Exhibitions

The Glorious Martyr

Photography: David Saad


• Opening: 23.10.19

• Curators: Oree Meiri 

Gallery talks:
*** Please note that for reasons outside of our control, Benyamin Storchan's gallery talk scheduled for 13.12.19 in the exhibition "the Glorious Martyr" has been postponed. Details of rescheduling to follow. We apologize for any inconvenience caused.***

Friday | 28.2.20 | 11:00 -
 Hebrew

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The Church of the Glorious Martyr
During salvage excavations conducted south of Ramat Beit Shemesh by the Israel Antiquities Authority with the support of the Israel Ministry of Construction and Housing, remains of an impressive Byzantine church were discovered. It is not known precisely when the church was built but mosaic inscriptions at the site commemorate its expansion under Emperor Justinian, and later under the patronage of Emperor Tiberius II Constantine.

One inscription mentions that the church was built in honor of an anonymous “glorious martyr”, whose remains were kept inside; A martyr (from Greek, meaning "witness") was a sacred figure and model of absolute devotion, willing to die for their faith. 


In the Byzantine period, locations traditionally associated with major events of the Old and New Testaments, including sites linked to saints and martyrs, were venerated as holy places. Churches containing martyrs' relics became important destinations for Christian pilgrims. With its ornate design and prominent situation near the main road to Jerusalem, the highlight of a pilgrim's journey, the Church of the Glorious Martyr evidently drew many believers hoping to receive blessing within.

The exhibition “Glorious Martyr” presents finds, which shed light on the importance of the Church of the “Glorious Martyr” as a significant site for pilgrimage during the Byzantine Period.

The church. Photo: Assaf Peretz

Mosaic inscription found in the Church courtyard: I Malchus, by the mercy of God, priest and abbot of this holy place, giving thanks to God and the glorious martyr, for my salvation and memory have made the mosaic pavement and the buildings and all the marble work which is in the most holy martyrium and the bronze gates of the crypt in the month of August of the 6th indiction in the year 344*.
*According to the era of Eleutheropolis (Beit Guvrin), year 344 is 543 CE. Photo: Assaf Peretz

What makes a glorious church?
The Church of the Glorious Martyr was built in a basilical plan – a main central hall flanked by two aisles. Visitors to the church entered through a specious courtyard (atrium) and a wide corridor (narthex) that marked the transition from secular to holy domains. The liturgical focal point of the church (chancel) was built as a semi-circular niche (apse) at the eastern end where the altar table stood in the center of a raised platform (bema). Sacramental bread and wine were placed on the altar during the Eucharist to symbolize the body and blood of Christ. A series of marble chancel screens and posts were installed, separating the sanctuary from the chancel, the most impressive of which are complex hand-carved lattice work that reflects the wealth and splendor of the Church of the Glorious Martyr. Underneath the chancel lay the crypt, where remains of the anonymous "glorious martyr" were apparently housed, with two staircases providing access. Pilgrims were probably led down via one staircase and out via another to cater to large groups of worshipers. The walls of the crypt and staircases were lined with marble panels, and a small window allowed light to enter from above. At a later stage an elaborate chapel was built south of the basilica. Mosaic floors were found inside the chapel, including a dedicatory inscription of Emperor Tiberius II Constantine. The Emperor's patronage is yet another indication of the importance of the Church of the Glorious Martyr.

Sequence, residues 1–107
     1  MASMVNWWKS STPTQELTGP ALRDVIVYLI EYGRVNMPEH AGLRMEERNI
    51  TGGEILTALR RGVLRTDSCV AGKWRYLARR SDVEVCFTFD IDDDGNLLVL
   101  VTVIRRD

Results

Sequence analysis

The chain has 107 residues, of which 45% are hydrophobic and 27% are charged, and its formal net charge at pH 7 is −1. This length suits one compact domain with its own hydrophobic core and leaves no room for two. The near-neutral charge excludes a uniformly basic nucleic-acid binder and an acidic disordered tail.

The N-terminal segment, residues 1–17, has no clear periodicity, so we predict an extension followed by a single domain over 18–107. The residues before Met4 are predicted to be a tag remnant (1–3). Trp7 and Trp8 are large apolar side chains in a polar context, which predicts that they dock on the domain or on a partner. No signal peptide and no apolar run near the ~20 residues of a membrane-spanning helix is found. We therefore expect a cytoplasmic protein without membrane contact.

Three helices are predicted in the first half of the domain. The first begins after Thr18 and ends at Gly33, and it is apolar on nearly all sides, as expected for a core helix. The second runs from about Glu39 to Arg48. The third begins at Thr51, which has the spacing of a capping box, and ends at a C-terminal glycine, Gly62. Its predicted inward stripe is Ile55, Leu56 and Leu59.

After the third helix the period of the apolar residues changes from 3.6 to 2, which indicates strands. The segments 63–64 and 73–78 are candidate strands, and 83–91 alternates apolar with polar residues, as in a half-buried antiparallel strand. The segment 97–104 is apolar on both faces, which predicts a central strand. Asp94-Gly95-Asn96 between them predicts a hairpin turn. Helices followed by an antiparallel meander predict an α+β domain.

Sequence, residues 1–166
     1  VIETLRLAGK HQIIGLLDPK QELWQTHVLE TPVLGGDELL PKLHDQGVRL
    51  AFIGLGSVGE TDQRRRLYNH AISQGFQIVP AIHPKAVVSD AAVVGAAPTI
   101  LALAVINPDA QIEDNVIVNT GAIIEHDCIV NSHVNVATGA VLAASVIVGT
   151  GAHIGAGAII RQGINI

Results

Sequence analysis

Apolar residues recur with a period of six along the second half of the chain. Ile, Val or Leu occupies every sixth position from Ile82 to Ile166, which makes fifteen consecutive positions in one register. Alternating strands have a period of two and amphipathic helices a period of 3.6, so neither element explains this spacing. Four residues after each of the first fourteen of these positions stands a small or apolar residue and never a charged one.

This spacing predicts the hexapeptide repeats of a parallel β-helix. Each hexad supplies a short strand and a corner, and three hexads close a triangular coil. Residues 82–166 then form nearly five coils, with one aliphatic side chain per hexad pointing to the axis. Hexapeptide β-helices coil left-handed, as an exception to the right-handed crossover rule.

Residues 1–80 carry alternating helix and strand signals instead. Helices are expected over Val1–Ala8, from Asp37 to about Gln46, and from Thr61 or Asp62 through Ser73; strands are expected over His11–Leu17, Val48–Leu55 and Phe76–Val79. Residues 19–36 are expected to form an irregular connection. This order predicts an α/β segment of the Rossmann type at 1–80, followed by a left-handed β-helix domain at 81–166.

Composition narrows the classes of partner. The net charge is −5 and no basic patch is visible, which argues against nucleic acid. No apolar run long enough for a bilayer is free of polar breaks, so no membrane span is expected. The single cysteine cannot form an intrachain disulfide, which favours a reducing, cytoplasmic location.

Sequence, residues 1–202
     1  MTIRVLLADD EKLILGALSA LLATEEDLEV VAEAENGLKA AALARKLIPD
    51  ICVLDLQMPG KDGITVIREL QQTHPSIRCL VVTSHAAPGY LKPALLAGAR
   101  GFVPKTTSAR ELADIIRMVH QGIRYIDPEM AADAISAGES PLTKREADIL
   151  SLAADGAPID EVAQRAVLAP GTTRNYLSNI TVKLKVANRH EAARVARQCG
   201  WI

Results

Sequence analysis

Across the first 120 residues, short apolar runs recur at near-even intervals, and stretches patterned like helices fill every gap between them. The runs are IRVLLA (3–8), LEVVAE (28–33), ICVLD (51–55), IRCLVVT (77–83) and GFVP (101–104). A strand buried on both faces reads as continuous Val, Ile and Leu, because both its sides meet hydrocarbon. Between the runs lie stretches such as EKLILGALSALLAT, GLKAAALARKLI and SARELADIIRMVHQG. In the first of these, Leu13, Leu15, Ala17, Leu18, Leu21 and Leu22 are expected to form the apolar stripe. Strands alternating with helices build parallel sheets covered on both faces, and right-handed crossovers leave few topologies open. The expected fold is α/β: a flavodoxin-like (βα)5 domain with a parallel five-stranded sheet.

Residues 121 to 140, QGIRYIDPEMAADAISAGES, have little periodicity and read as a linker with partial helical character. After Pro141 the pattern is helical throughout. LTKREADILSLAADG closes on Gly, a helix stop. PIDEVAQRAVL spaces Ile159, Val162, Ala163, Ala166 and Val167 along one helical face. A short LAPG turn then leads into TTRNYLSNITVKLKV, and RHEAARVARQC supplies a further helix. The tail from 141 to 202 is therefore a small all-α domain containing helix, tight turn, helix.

The crypt. Photos: Assaf Peretz

A lamp to my feet and a light to my path
Lighting in ancient churches was designed to create a dramatic environment for a powerful religious experience. Light was often perceived as a representation of the divine. The pilgrim Egeria, upon visiting the Church of the Holy Sepulcher in the 4th century, was amazed by the sheer quantity of lamps used in the ceremonies. St. Jerome (4th—5th century) explains that lamps were lit during Gospel readings as an expression of joy. According to Sophronius, Patriarch of Jerusalem in the early 7th century, the oil lamp was a symbol of God's eternal light.


Excavations at the Church of the Glorious Martyr have uncovered one of the most complete assemblages of Byzantine glass window panes in Israel. These discoveries, along with the many clay and glass lamps that illuminated the church interior, enrich our understanding of the role of light in Byzantine churches.

Clay oil lamp with the Greek inscription, "the light of Christ shines beautifully for all". Photo: Shai Halevi